London, August 12 : A team of scientists has glued electronic sensors to the heads of 58 wild elephant seals to track changes in the temperature of the Antarctic seas.
Mounting evidence that the Southern Ocean is warming more rapidly than expected has fuelled interest in temperature dynamics and sea-ice formation rates near the South Pole.
But thick sea ice cover makes it virtually impossible to collect data by conventional methods such as buoyant floats and research ships.
Now, according to a report in New Scientist, a team led by Jean-Benoit Charrassin of France's National Museum of Natural History in Paris have got round the problem - by gluing electronic sensors to the heads of 58 wild elephant seals.
The sensor can take accurate measurements of salinity, temperature and depth, and relay them by satellite.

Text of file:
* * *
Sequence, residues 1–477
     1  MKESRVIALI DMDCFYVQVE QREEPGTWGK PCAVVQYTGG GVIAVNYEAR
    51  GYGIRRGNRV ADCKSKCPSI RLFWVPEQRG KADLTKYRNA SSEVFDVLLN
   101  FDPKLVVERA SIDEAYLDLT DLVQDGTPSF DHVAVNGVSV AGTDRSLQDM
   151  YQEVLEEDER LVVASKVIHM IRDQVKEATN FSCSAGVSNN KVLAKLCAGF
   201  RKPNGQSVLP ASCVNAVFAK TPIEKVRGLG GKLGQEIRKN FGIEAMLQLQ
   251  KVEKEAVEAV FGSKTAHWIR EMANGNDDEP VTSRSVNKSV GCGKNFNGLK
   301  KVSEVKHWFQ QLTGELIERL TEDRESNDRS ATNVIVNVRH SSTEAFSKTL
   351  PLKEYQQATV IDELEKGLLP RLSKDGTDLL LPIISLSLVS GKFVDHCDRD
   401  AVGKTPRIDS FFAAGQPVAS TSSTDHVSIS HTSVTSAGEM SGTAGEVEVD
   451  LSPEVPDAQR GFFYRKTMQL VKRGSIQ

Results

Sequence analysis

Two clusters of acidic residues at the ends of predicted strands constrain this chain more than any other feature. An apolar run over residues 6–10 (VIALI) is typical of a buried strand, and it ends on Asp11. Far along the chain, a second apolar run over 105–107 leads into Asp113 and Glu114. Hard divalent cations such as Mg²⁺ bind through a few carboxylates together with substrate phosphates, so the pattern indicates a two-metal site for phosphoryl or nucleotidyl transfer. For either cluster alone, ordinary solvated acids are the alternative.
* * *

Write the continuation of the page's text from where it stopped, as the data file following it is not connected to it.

It resembles a toy tank and is attached to the seal's skin using epoxy, an extremely strong, waterproof glue.
Elephant seals breed on Antarctic islands, but forage for food in the inaccessible regions of the Southern Ocean.
The seals gather information about the temperature and salinity of the water under the sea ice each time they dive for food. When they surface, the data is transmitted to the researchers via satellite.
"The seals are in a key area and they can measure important parameters that are difficult to obtain otherwise," said Charrassin.
Though the idea of using marine animals to patrol the oceans isn't new, this is the first time it has been done on such a large scale.
The devices remain attached to the seals for up to a year, until they moult.
This means that repeated measurements of the same area can be taken over a long time period, and the researchers need only come to Antarctica once a year to attach new sensors.
"I consider it a real breakthrough in ocean observation," said Michael Fedak, part of the team who designed and built the data transmitters.
According to Susan Gallon, of the Sea Mammal Research Unit, University of St Andrews, UK, this approach has enabled the collection of novel oceanographic data that has never before been possible, and will provide valuable information for monitoring the response of this region to climate change.